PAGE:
Thursday, March 14, 2013

Lemon-aid

Biologists are currently living in unrepresented times. More species transitioned from threatened to endangered on the endangered species list in recent years than ever before. I for one believe we are entering a new epoch in geological time. I am on the side of those who propose we have left the Holocene Epoch and are at the cusp of the Anthropocene extinction event.

Much like the previous key holes life on earth squeezed through at the end of the Permian and the Cretaceous periods, it is clear that the shifting climate will cause ecosystem collapse. As scientists we have a rare opportunity to study this collapse and see how tipping points in ecology actually work. We know that mass extinctions have happened, we have closely studied the fossil record to glean as much data as possible, but all this still has left the picture a little grainy and out of focus.

I propose a new field of study, Extinction Biology. This discipline will combine the ecosystem and biodiversity mapping of an ecologist with repeated intervals of surveys in places most likely to experience dramatic changes to environmental conditions. The goal will be to find not only the minimum viable population for individual species, but nail down the effects of specific species on the carrying capacity of the ecosystem as a whole.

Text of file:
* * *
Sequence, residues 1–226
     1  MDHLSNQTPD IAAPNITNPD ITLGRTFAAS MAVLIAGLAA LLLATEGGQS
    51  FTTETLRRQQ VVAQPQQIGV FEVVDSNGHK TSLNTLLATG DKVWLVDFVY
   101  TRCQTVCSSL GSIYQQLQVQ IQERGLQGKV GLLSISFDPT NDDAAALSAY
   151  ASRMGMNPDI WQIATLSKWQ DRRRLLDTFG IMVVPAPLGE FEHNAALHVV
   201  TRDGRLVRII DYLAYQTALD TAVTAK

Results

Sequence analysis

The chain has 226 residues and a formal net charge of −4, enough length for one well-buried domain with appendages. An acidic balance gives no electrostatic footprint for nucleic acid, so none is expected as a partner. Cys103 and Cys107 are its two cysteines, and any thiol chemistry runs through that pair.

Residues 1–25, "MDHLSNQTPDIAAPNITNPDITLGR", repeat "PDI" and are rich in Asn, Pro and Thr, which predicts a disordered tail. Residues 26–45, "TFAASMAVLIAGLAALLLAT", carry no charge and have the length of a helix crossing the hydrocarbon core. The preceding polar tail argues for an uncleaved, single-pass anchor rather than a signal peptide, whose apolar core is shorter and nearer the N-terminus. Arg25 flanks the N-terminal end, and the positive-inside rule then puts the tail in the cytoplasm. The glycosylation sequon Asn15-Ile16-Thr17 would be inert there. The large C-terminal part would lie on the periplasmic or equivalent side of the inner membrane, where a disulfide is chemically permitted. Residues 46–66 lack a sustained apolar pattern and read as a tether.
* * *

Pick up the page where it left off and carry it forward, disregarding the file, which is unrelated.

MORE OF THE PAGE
What makes an ecosystem resilient? Does having multiple keystone species in competition lead to resilience? Or does it depend more on interactions on trophic levels that might have less diversity? For instance there are usually many different representatives from Plantae in proportion to only a few cordata species from Animalia.

Conservationists aghast at loss of biodiversity are really clinging to an anthropocentric view. The truth is we are not capable of exterminating life from planet earth. In the past we have lost nearly 90% of species (Permian extinction) extant at one time. Granted it took about 10 million years to recover, but it was not impossible. In truth, we should conserve current biodiversity in order to protect human life.

Since we as a species don't seem all that interested in continuing much longer, we should take advantage of a rare opportunity to gather and preserve as much data as possible so what ever life manages to struggle through this key hole of our own creation, if it should become sentient, can learn from our mistakes and make better choices.

As always, I encourage comments and critiques, and will not edit or omit any posts.

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